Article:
6 August 1998 Explosive vapor detection via mid-infrared laser spectroscopy
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Accurate explosives detection would be an effective defense/deterrent against bomb attacks. Chemical vapor sensing has the potential to be both specific and sensitive. The work descried here involves the use of mid-IR laser spectroscopy to detect the presence of nitro-group based explosive vapors. Two different singly-resonant Silver Gallium Selenide OPOs were examined for use as the spectroscopy source: one was pumped with a 1.319 micrometers Nd:YAG laser, and the other was pumped by a 1.57 micrometers KTP/Nd:YAG OPO-laser. Both OPOs can be angle-tuned over wavebands of interest, producing coherent mid-IR idler output power at 5-8 micrometers , as well as near-IR outputs. Current results indicate that output energies of approximately 300 (mu) J in the mid-IR can be generated from 10 mJ of pump energy. The OPO outputs can be used to detect chemical vapors using a sample-reference absorbance experiment. Both OPO outputs are passed through a cell containing the vapor to be measured. The mid-IR output is attenuated by the strong absorption of the vapors, while the near-IR output, being unabsorbed, serves as a reference. The ratio measurement has a shot-noise limited accuracy better than one part per million absorbance.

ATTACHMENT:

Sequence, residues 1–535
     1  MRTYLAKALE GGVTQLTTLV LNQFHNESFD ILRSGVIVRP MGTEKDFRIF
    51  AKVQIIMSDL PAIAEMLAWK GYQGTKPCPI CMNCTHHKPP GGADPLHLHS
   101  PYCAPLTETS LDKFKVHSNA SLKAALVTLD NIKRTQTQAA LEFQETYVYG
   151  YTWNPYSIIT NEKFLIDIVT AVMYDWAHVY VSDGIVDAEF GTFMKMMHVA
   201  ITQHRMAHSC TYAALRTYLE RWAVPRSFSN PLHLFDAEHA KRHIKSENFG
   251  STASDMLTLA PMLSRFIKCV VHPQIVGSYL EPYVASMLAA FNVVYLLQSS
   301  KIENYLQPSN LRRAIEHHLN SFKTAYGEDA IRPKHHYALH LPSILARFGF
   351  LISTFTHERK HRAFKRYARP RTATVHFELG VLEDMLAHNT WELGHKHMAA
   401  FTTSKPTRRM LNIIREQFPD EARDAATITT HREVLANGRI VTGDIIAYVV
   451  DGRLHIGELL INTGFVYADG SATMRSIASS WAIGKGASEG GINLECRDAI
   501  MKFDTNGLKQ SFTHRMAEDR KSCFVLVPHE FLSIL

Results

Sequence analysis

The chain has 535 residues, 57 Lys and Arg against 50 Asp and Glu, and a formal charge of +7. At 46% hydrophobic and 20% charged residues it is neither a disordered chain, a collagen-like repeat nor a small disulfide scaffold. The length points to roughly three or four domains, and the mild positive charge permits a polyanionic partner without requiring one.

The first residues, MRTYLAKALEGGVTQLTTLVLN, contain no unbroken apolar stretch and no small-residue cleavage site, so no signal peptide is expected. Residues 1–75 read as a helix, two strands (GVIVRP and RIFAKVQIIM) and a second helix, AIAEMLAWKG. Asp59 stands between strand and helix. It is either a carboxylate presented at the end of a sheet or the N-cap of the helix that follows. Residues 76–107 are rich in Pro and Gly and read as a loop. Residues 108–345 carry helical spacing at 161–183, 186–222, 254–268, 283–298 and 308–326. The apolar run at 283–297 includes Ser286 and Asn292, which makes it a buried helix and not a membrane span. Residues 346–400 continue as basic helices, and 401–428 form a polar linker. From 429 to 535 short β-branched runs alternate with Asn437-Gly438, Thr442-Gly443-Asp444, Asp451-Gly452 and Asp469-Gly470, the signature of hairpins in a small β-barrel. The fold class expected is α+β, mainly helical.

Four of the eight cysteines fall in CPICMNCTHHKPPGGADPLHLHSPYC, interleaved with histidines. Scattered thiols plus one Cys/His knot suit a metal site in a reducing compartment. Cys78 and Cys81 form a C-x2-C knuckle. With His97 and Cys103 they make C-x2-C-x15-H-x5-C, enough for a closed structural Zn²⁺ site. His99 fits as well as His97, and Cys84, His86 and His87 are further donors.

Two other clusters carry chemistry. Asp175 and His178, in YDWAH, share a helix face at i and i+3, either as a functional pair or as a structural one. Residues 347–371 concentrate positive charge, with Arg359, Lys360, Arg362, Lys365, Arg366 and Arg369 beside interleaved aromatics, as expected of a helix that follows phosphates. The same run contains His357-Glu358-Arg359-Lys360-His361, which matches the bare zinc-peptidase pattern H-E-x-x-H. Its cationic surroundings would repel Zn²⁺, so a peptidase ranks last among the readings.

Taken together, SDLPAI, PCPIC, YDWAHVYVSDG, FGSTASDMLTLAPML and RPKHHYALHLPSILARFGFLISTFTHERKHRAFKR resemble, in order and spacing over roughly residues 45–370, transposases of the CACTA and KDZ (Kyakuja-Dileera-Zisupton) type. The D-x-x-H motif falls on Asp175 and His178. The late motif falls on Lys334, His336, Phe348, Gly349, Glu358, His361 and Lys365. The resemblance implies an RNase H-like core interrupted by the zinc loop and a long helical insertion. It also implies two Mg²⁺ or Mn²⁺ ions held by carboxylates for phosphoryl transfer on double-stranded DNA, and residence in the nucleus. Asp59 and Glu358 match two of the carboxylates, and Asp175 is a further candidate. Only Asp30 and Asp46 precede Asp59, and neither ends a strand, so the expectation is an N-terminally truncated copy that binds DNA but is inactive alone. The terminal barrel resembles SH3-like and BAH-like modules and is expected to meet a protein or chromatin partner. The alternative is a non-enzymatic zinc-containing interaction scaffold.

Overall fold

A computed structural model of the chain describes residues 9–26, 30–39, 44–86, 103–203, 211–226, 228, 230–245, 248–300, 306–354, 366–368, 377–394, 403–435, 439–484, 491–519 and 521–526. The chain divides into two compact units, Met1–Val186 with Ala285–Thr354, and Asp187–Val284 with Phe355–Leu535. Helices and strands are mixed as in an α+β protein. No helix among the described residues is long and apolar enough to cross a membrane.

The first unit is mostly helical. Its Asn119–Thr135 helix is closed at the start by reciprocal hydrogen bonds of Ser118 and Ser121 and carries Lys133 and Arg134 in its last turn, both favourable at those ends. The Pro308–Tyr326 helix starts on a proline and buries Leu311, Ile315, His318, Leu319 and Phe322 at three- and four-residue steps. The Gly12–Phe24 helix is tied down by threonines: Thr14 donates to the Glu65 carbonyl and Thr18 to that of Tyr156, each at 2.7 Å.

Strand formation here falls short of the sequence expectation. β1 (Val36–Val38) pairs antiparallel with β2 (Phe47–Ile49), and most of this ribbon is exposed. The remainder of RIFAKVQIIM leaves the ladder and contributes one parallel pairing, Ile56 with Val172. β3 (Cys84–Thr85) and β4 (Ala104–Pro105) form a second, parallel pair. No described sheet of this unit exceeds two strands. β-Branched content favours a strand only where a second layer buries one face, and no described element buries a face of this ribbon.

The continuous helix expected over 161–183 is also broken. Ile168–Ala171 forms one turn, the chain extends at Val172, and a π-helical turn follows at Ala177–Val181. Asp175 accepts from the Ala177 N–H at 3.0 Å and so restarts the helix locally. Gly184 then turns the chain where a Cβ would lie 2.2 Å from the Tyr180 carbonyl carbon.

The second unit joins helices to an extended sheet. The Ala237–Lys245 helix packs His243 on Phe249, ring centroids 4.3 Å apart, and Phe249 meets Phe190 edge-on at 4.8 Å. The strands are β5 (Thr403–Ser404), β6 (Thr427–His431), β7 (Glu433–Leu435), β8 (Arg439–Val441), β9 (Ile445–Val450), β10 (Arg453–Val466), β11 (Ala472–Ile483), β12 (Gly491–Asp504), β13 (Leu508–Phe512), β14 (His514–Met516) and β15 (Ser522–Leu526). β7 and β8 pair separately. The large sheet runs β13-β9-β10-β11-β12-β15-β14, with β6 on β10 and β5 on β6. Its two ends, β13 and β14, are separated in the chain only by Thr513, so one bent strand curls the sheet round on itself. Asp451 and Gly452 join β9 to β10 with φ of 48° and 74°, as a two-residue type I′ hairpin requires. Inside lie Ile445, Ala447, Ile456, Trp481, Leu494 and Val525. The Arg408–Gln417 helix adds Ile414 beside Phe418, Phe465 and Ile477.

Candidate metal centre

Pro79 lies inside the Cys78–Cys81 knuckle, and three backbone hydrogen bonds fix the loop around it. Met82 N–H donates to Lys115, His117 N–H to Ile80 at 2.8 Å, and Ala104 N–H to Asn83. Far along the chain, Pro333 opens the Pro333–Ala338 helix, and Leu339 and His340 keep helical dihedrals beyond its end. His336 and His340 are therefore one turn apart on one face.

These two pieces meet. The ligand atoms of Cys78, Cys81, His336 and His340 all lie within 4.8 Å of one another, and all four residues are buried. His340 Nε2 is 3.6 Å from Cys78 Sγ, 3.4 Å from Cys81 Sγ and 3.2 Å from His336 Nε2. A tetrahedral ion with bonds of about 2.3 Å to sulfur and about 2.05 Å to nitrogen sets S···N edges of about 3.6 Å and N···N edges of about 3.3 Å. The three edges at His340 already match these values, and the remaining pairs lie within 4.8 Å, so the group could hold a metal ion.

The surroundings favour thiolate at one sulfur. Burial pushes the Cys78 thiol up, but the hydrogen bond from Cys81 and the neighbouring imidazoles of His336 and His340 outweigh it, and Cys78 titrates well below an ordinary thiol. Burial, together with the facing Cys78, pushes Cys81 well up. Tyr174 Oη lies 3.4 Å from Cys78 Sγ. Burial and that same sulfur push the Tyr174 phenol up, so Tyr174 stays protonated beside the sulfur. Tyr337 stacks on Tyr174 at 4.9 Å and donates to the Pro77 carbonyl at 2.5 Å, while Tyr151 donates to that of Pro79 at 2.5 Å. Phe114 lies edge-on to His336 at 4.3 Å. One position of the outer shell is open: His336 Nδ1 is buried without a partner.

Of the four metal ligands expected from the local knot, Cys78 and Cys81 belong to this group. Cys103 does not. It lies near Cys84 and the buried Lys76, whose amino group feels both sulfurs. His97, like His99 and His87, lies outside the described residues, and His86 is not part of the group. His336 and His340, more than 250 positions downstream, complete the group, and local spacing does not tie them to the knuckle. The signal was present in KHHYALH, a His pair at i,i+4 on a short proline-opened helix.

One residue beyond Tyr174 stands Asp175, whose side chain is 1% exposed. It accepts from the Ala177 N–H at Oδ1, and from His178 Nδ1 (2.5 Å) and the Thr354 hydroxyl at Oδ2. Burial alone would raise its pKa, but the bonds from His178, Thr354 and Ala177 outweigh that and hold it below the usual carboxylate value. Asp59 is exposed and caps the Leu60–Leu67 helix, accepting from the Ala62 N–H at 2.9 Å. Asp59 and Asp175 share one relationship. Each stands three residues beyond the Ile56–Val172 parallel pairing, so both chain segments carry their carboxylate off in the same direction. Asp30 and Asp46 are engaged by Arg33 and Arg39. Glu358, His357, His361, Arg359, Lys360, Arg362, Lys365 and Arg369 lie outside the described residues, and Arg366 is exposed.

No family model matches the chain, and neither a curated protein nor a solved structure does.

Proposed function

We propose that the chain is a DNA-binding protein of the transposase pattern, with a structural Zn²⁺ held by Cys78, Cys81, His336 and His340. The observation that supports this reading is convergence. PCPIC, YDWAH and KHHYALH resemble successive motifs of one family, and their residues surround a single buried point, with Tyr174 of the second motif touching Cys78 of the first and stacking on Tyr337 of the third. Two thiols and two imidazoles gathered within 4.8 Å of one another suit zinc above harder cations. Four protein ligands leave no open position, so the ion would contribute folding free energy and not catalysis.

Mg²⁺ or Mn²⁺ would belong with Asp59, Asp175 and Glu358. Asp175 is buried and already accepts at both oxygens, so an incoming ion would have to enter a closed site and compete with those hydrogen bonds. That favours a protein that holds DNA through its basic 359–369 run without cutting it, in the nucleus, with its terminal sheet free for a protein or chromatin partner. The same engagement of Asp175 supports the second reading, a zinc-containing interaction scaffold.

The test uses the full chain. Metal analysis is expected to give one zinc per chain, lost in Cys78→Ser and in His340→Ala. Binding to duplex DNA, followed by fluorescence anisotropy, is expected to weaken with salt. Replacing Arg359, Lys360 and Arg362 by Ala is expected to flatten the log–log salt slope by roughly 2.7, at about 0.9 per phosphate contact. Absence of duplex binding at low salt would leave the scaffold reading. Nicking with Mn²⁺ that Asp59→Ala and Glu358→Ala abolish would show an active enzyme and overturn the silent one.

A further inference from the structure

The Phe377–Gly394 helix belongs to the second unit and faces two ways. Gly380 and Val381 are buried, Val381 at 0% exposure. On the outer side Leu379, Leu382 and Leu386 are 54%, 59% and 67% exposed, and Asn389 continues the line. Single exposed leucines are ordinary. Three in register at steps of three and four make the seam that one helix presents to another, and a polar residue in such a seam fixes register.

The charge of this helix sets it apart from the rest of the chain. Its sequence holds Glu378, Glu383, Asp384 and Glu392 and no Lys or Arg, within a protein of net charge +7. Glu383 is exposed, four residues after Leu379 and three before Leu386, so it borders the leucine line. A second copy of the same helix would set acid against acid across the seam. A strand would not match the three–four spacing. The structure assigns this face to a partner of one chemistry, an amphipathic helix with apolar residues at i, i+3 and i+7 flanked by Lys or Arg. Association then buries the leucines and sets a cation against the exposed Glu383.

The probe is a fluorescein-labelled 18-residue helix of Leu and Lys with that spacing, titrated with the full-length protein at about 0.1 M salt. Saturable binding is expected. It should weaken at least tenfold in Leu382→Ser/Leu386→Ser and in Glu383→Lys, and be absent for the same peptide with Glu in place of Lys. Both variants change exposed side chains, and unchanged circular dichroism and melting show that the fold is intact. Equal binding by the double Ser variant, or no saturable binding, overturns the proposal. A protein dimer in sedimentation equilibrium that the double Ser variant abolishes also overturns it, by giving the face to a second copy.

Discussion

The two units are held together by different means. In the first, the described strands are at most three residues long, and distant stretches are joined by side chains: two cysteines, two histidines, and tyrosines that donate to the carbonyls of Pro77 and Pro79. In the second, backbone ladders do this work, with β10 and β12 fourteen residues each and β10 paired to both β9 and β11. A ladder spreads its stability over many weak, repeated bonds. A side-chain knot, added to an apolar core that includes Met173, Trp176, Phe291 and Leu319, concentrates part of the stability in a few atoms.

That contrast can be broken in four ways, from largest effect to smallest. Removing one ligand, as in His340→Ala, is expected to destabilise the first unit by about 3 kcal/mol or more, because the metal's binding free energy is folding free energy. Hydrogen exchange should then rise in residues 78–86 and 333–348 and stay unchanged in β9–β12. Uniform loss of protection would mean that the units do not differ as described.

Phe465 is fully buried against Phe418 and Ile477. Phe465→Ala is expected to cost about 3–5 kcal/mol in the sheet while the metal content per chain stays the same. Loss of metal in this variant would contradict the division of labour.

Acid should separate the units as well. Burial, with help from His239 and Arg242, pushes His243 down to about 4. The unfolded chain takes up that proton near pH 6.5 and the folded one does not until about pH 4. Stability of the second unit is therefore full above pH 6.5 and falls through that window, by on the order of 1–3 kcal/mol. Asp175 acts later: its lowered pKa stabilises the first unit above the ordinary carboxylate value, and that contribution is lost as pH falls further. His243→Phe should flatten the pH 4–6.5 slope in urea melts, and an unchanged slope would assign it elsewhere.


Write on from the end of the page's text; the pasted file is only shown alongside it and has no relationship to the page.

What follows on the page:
© (1998) COPYRIGHT Society of Photo-Optical Instrumentation Engineers (SPIE). Downloading of the abstract is permitted for personal use only.
Frank J. Effenberger, Frank J. Effenberger, Alvaro G. Mercado, Alvaro G. Mercado, } "Explosive vapor detection via mid-infrared laser spectroscopy", Proc. SPIE 3383, Electro-Optical Technology for Remote Chemical Detection and Identification III, (6 August 1998); doi: 10.1117/12.317640; https://doi.org/10.1117/12.317640

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